Digital Linking Experiences to Employment: Connecting History BAs and MAs with Careers through Webinars

AHA Session 153
Friday, January 6, 2017: 3:30 PM-5:00 PM
Governor's Square 15 (Sheraton Denver Downtown, Plaza Building Concourse Level)
Lynn M. Sargeant, California State University, Fullerton
Volker Janssen, California State University, Fullerton
Joseph Potvin, Cengage Learning
Lynn M. Sargeant, California State University, Fullerton
Christine Shook, Wells Fargo Family and Business History Center

Session Abstract

Within the AHA and beyond, the conversation about career opportunities for history students is as old as the anxiety over the growing disregard for humanities and social sciences in higher education. Frequently, veterans in higher education remind us of the importance of “soft skills” taught in the humanities and the professional rewards for a well-rounded college education. And on occasion, historians or their allies point to the solid employment record of their Ph.D.s, M.A.s, and Majors in op-eds of big dailies or the pages of less-well circulated publications such as the Chronicle of Higher Education.

Only recently has our discipline begun to follow these words of assurance with significant action. The drastic drop in tenure-track hiring during the Great Recession prompted more history departments and the AHA itself to promote “Career Diversity” for freshly minted Ph.D.s.  Thanks to the AHA-Mellon Career Diversity Pilot Programs, graduate students and new Ph.D.s now probably receive more support than has ever been custom in our discipline.

And yet, the promotion of careers for history majors and M.A. students remains a formidable challenge to history departments nationwide. This is certainly a concern for the students who struggle to explain to their prospective employers why their studies of history qualify them for a position. But this is also a concern for history departments who face increasing pressure from students, parents, and administrators to document the success of their students not only in their field of study but in life after graduation. Many are watching – somewhat helplessly – the gradual decline of enrollments in their major.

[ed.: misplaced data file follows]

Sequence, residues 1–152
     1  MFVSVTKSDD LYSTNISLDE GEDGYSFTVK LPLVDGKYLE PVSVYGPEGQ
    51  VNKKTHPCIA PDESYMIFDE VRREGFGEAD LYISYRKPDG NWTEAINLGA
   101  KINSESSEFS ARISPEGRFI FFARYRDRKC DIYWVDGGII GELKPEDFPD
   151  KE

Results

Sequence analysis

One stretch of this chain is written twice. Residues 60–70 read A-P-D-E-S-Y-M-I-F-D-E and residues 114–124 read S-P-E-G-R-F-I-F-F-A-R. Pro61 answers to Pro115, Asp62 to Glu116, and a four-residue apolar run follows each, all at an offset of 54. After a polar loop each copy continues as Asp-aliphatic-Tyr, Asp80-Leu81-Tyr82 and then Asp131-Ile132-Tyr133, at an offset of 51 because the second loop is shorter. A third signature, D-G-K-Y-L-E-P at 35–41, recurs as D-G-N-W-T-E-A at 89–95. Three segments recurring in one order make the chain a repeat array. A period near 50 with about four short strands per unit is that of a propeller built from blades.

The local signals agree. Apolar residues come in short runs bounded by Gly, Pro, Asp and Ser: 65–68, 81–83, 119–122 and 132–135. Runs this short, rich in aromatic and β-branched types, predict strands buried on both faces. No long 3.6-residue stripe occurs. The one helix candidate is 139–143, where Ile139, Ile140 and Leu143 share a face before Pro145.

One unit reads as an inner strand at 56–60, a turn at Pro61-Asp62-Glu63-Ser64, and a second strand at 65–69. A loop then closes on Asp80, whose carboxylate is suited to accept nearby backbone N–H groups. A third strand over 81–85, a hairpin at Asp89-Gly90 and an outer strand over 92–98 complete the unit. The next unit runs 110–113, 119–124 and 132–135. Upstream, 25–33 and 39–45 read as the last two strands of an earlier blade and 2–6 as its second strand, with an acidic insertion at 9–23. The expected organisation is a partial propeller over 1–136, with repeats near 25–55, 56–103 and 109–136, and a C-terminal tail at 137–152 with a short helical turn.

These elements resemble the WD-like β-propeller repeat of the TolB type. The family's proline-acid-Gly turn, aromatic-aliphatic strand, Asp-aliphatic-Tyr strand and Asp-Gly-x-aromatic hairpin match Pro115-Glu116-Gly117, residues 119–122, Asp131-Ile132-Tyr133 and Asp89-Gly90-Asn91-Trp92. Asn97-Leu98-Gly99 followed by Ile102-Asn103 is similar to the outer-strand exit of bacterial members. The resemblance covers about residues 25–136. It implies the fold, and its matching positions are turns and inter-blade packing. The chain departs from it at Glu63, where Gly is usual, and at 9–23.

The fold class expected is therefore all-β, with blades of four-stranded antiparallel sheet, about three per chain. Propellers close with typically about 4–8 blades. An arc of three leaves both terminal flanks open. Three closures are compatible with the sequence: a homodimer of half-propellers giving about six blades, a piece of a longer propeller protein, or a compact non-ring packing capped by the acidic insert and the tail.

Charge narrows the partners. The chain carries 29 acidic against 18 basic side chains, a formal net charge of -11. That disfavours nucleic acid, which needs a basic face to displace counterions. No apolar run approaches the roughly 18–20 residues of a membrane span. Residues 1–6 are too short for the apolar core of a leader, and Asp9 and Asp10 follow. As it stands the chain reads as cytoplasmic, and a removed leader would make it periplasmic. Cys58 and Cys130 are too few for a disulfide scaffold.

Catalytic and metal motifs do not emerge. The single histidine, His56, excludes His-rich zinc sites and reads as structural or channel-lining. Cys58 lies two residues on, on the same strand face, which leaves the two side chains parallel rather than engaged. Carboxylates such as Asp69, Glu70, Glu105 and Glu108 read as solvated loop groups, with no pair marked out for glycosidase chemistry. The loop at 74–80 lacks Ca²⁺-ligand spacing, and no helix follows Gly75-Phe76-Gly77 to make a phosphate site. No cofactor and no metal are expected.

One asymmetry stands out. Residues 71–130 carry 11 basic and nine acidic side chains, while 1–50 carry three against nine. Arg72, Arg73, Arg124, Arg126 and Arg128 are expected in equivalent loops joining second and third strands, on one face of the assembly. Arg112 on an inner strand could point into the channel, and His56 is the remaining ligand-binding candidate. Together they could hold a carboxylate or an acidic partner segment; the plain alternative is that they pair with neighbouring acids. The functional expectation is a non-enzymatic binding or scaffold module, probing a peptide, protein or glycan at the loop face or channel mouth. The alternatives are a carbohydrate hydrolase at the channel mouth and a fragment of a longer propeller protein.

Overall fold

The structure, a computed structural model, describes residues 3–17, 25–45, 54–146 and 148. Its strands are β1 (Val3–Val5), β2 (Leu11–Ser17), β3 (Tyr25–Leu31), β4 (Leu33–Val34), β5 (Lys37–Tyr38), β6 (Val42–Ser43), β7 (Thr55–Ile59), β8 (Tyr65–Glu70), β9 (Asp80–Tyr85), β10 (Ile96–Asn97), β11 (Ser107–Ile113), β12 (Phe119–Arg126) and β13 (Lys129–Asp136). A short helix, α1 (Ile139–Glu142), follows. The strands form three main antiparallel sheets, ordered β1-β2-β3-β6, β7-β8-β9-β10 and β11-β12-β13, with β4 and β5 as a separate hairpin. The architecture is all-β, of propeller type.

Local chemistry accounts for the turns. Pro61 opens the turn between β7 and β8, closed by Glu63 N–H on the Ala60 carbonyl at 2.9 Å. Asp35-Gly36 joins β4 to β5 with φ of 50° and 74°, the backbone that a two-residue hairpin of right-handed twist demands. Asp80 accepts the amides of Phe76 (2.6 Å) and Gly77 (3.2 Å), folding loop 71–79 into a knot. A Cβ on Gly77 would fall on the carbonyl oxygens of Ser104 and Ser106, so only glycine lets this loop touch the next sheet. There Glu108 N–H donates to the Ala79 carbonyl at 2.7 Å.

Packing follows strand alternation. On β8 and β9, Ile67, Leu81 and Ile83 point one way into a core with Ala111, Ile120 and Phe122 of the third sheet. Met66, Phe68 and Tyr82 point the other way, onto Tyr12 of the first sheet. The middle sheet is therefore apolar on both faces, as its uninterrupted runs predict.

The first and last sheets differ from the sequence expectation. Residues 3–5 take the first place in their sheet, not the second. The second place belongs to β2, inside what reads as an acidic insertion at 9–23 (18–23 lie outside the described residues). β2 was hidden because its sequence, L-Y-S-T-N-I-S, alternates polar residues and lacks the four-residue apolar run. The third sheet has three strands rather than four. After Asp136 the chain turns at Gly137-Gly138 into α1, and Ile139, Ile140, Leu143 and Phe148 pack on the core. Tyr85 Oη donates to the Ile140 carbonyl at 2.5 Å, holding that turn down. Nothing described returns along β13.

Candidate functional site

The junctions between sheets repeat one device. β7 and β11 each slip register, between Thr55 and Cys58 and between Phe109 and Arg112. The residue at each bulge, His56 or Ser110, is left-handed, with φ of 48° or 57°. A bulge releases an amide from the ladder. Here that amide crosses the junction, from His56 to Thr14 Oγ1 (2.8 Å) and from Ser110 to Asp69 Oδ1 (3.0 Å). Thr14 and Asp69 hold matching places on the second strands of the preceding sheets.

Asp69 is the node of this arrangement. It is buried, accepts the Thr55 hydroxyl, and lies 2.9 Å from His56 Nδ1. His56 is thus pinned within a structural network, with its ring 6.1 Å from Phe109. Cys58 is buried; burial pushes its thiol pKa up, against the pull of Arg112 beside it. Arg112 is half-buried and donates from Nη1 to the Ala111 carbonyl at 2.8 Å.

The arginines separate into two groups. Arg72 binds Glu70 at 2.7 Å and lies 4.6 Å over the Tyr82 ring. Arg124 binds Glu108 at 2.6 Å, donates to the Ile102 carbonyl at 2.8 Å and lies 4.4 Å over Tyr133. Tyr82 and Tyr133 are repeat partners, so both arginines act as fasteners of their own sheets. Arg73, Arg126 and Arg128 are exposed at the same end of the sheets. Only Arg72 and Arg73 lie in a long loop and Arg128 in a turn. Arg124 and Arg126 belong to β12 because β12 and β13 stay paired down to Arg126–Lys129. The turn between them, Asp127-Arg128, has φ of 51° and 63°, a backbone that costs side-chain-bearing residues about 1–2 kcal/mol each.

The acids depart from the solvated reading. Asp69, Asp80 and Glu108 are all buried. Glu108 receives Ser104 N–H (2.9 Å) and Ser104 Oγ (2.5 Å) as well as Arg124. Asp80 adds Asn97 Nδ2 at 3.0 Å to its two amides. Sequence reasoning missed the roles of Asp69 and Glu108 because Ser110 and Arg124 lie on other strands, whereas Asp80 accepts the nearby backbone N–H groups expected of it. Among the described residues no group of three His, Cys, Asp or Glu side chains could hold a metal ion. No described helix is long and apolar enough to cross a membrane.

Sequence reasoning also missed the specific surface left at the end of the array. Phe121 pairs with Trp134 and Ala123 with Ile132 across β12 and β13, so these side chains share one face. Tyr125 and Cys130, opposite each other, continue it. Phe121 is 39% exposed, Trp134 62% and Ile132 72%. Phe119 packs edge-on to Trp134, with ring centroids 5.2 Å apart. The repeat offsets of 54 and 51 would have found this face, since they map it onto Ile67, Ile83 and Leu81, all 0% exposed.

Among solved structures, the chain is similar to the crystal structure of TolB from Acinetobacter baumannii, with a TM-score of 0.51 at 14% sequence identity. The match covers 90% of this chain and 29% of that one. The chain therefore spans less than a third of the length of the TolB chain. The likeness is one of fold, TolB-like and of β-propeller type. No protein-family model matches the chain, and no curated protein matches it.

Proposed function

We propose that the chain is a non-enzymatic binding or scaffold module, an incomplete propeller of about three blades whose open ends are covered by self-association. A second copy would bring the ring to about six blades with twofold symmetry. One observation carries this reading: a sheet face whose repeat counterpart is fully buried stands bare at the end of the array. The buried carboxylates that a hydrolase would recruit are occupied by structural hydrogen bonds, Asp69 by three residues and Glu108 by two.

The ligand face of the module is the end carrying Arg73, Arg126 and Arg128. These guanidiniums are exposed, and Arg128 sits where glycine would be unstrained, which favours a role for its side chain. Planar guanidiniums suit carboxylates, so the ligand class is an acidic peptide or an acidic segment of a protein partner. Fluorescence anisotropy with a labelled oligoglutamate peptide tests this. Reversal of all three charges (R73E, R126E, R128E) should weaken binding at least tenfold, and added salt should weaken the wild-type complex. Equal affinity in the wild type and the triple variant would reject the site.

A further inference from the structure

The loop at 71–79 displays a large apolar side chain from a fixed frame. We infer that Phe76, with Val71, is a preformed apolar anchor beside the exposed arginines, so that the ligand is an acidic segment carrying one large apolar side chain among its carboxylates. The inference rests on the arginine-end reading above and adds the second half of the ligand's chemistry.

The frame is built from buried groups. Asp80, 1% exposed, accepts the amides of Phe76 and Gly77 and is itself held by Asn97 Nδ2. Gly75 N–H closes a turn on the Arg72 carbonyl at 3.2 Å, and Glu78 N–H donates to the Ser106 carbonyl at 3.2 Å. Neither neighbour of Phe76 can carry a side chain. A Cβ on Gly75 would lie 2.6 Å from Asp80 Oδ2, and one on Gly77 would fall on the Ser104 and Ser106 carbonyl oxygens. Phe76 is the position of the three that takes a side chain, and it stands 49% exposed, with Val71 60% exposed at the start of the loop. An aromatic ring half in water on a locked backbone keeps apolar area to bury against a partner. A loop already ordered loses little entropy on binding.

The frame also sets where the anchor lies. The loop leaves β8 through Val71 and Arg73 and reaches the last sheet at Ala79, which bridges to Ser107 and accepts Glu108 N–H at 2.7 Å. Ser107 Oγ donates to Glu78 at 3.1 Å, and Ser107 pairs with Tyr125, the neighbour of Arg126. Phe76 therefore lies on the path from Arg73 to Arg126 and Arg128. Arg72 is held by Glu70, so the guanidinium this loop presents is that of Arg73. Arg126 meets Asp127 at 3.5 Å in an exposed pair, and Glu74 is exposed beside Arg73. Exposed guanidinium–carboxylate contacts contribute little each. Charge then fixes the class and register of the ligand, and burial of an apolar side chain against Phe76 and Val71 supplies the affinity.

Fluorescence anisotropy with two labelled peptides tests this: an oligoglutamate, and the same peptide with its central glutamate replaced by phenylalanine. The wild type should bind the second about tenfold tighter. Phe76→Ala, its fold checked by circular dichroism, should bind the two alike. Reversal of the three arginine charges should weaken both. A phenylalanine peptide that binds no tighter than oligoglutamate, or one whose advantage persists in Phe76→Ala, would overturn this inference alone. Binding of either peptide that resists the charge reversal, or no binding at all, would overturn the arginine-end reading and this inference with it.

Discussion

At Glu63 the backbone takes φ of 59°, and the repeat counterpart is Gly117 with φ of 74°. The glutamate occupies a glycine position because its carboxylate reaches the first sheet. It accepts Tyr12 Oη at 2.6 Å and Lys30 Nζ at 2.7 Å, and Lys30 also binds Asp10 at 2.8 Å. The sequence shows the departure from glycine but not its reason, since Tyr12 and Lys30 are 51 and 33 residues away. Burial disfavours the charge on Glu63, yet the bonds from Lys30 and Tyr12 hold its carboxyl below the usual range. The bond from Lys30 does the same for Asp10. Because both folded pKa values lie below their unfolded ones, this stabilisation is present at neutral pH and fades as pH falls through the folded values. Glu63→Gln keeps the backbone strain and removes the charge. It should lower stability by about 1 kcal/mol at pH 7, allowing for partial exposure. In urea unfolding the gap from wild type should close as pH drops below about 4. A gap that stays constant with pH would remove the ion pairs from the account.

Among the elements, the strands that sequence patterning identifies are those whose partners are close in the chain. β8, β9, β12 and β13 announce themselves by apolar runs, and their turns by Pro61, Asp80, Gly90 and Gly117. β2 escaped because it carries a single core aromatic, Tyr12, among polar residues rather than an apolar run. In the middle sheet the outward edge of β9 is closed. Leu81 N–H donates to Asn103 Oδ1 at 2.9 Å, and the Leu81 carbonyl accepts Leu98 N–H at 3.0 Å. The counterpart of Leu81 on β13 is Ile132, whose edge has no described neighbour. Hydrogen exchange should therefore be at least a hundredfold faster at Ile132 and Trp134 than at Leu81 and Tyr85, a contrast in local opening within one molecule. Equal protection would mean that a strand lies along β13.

Since the summer of 2015, the CSUF department of history has been trying to change this pattern and take active steps in career training for its majors. For example, with the help of the Dean’s office and the CSUF Career Center, Volker Janssen has been assembling panel discussions on career branches that have drawn on alumni participants, seniors in the respective industries, and recruiters. Rather than arrange for on-site events, the organizers developed a webinar format – allowing for participation from across the United States and even overseas at a time of day that works for most of CSUF’s working students. Both as live events and as recordings accessible via the department website, the campus now offers a solid resource for its history students on how to translate the learning objectives of their major into careers in fields as diverse as civil service, public history, the aerospace industry, business and finance, tourism, and NGOs.

This roundtable discusses the challenges of training majors for careers and shares the design of its Career Webinars series by drawing on the perspectives of the organizer, the dean’s office, the recruitment experts at the career center, participating alumni, and recruiters.

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